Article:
Pediatrician’s Perception of Air Pollution and its Impact on Children’s Health in Indonesia

The Open Public Health Journal 04 Oct 2023 RESEARCH ARTICLE DOI: 10.2174/18749445-v16-e230925-2023-108



Air pollution is an unseen threat to children's health as it increases the risk of respiratory infection by impairing immune responses to the respiratory tract. Nevertheless, health promotion emphasizing the impact of air pollution is not popular, even among health professionals. Therefore, this study aimed to explore the perceptions of paediatricians regarding its impact on children’s health in Indonesia.

Materials and Methods:

A cross-sectional design using an online questionnaire was employed in this study. It was composed of 30 items and divided into 4 sections, i.e. section 1 explored the demographic variables, section 2 measured the respondent’s information-seeking behavior on the issue of air pollution, section 3 measured the perception of issues related to air pollution and its impact on children’s health, and section 4 explored the respondent’s experience in practicing environmental health education with respect to their patients. Only completed surveys were analysed.


Of the 171 pediatricians who were accessed for the survey, 120 (70.2%) completed it. The majority of respondents (69%) resided in Java island and worked in urban areas (84%). About 41.7% of the respondents had little to no information on the impact of air pollution on children’s health. More than 80% of the respondents received information from scientific articles, followed by seminars (61.5%), the internet (53.8%), colleagues (30.7%), and workshops/training (17.3%). Nearly one-third of the respondents considered air quality as poor in their working environment. Almost all agreed that air pollution can affect children’s health and increase the risk of respiratory allergies and even the risk of skin allergies for children under two years of age. In daily practice, most respondents (53.3%) admitted that they never or rarely treated patients with diseases related to air pollution. About one-third of the respondents (36.7%) had never or rarely asked their patients about their living environment.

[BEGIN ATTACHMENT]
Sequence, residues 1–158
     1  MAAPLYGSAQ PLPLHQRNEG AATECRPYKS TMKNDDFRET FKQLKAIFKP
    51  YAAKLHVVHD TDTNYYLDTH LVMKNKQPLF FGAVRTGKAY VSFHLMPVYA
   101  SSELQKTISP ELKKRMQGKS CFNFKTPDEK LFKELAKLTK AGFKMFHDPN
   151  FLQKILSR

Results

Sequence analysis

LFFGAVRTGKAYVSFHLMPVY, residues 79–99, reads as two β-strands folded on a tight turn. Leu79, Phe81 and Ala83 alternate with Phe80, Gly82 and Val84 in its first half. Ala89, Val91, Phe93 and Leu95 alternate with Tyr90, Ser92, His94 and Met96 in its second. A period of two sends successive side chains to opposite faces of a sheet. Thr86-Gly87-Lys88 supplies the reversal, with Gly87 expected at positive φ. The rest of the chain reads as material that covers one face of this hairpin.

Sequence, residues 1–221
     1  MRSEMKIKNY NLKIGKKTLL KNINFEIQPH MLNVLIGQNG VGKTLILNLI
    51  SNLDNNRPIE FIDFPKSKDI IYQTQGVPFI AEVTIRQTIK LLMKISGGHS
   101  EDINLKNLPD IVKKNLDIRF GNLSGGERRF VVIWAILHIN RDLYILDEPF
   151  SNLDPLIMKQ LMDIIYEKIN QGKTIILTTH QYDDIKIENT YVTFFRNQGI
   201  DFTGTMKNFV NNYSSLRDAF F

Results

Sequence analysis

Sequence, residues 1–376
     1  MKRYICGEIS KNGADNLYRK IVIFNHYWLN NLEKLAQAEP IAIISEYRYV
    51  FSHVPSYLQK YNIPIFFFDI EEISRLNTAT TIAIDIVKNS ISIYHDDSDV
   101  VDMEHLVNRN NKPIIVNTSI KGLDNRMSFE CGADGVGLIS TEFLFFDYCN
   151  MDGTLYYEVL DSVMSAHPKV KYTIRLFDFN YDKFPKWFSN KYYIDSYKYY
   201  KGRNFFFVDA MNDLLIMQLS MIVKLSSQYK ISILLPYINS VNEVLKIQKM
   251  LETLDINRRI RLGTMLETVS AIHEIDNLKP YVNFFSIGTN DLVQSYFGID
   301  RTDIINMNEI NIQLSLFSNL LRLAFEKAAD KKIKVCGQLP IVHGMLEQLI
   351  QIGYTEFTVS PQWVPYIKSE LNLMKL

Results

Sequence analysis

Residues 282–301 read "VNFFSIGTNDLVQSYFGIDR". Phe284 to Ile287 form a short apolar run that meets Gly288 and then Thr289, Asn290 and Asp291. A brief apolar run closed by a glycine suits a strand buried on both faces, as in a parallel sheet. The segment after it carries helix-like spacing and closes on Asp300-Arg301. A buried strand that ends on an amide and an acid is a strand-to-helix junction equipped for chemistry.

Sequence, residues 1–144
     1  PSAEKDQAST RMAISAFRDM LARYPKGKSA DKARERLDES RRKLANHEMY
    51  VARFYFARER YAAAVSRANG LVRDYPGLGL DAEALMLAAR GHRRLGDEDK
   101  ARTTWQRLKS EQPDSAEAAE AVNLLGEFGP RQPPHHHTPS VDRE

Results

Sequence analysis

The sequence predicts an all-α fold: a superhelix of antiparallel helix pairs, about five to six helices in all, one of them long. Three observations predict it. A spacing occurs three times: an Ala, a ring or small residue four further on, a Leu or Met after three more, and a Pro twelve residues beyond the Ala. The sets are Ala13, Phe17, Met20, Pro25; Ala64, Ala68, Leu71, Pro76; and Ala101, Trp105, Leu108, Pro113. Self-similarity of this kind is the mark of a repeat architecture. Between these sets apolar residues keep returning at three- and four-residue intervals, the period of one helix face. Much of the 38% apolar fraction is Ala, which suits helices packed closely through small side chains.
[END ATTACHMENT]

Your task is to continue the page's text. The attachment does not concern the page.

Pediatricians are aware of the impact of air pollution on the risk of respiratory allergies and infection, and therefore often provide environmental health education to patients. This study has reported that the majority of pediatricians in Indonesia have an understanding of the impact of air pollution on children’s health; however, there is still a lack of health promotion to be communicated to the patients and their families in their daily practice.

Keywords: Air pollution, Children’s health, Pediatrician, Respiratory, Skin allergies, Pediatricians.
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